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Conflict In Relationships

Conflict is a part of life.

Disagreements exist as a reality of any relationship – it is not necessarily a bad thing. In fact, relationships with no apparent conflict may be unhealthier than those with frequent arguments.

I wish I was taught this when I was young. Instead, I went the majority of my life thinking everyone should like me and if I got into an argument with a friend or a significant other that was challenging then that meant I should just move on.

Bottom line: Conflicts in our relationships have the potential to weaken or strengthen us.

We have the opportunity to create a deeper understanding, closeness and respect for the other person – or very well have the prospect of causing destructive behavior, resentment, or hostility.

In fact, the intensity of the conflict demonstrates the closeness and importance of our relationship. Think about it, if you didn’t care about the other person or your relationship – you wouldn’t care what they did or said.

Whether it is family members, your spouse, children or life long friends – conflict ultimately holds the key to who we are as a person and the opportunity to make constructive changes to yourself – learning more about compassion and forgiveness.

Positives that Result from Conflict:

Assists in establishing our identity & independence. When we experience conflict in relationships, especially at earlier stages of our life, it helps us assert who we are and separate our beliefs and goals from those around us.

We have the opportunity to accept others (and ourself) for who they are instead of making them be someone who they aren't.

Helps demonstrate the importance and closeness of a relationship. While the intensity of emotions in an intimate relationship can be grueling and demanding if they are not dealt with constructively – they help us measure the importance and depth of our relationships.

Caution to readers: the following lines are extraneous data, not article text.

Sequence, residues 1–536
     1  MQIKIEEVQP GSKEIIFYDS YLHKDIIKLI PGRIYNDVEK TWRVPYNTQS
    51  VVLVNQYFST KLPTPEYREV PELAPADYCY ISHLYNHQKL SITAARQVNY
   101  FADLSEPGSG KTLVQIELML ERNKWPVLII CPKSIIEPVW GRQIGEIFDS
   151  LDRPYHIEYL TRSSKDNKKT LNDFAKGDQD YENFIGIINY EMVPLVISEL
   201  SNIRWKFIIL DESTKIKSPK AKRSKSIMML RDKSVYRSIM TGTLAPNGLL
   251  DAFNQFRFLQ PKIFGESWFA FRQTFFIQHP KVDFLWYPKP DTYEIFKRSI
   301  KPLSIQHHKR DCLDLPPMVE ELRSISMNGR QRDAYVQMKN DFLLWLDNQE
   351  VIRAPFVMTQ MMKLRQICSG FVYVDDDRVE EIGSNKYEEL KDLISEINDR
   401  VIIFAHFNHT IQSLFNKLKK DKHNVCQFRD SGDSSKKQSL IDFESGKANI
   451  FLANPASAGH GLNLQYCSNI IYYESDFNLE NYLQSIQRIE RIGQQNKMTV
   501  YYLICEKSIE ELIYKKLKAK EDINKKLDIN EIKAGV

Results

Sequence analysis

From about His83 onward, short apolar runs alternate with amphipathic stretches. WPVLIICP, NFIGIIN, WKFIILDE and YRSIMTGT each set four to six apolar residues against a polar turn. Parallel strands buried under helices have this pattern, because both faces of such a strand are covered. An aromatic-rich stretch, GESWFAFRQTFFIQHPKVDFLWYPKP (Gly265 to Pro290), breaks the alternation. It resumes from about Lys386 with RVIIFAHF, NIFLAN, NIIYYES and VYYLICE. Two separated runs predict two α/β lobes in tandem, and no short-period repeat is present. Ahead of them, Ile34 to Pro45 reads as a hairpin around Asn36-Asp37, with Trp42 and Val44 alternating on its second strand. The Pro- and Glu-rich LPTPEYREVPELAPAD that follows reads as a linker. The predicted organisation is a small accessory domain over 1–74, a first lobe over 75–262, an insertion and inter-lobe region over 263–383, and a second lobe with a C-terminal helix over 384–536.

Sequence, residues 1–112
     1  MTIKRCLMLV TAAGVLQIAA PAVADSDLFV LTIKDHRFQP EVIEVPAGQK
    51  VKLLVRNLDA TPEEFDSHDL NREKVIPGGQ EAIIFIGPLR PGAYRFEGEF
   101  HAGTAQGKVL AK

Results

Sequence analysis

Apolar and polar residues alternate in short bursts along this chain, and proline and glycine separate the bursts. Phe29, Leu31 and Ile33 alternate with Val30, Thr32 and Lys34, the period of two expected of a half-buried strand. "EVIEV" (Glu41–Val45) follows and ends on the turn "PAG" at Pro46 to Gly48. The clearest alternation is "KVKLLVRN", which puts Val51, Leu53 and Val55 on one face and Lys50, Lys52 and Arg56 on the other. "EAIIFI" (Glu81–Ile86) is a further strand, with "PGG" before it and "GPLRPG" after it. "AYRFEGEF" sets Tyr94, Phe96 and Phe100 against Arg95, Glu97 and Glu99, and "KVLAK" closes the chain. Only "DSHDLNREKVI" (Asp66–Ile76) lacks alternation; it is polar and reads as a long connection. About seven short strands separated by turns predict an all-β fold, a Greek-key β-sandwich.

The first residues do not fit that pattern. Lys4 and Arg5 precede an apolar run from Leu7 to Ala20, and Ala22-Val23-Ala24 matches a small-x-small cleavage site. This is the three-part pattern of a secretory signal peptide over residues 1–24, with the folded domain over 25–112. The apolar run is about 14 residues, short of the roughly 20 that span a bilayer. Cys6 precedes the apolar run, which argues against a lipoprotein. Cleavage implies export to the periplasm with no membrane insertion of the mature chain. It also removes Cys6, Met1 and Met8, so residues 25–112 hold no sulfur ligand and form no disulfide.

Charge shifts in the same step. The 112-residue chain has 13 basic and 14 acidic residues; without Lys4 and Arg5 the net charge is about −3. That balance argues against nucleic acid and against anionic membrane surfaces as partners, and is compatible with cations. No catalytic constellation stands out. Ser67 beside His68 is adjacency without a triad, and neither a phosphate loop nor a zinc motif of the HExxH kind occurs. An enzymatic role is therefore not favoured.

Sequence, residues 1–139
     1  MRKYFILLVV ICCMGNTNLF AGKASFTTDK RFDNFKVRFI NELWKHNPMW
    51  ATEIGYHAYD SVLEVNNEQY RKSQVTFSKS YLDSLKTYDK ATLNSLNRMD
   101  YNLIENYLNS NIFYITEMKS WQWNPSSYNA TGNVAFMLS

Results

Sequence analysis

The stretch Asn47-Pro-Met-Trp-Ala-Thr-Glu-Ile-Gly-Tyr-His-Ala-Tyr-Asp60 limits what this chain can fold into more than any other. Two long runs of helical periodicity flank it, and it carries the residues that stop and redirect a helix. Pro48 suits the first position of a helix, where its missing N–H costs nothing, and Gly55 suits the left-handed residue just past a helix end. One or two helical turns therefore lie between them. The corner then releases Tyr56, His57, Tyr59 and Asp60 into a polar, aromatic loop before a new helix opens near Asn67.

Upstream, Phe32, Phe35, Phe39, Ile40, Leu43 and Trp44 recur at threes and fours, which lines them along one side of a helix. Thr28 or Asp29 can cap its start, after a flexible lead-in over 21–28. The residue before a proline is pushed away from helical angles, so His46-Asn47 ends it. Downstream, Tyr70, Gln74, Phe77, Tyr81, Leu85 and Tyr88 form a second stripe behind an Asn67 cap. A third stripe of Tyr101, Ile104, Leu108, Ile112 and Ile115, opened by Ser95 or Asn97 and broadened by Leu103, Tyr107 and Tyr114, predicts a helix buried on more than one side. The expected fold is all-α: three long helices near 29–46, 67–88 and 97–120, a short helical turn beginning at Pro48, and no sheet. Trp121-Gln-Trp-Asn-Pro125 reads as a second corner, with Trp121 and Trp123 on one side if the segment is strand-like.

If you are terribly upset and hurt by someone, before making wounding comments from which you can never take back - think about how important the person is and, ultimately, how much you love them.

Can build new relationships. From time to time, conflict may bring together people who may have not had a relationship prior to the disagreement. Think about it – when you experience struggle within a relationship, occasionally we reach out to people in our lives that we never think about much. We ask for their opinion or help – this reaching out plants seeds of friendship and closeness.

Helps us sustain our relationships. If we consistantly repress disagreements and negative emotions continue to grow within us without release, we risk blowing up over something minute and infinitesimal. Exchange of conflict allows people to reduce tension in a relationship.

All and all – conflict is a normal part of our healthy relationships. We can’t expect to get along and agree on everything at all times. That is an impossible undertaking and we would be setting ourselves up for failure in our marriage and our relationships.

Instead, treat your conflict as a divine signal in your life that holds the opportunity to become better and to love better.

Love fearlessly.

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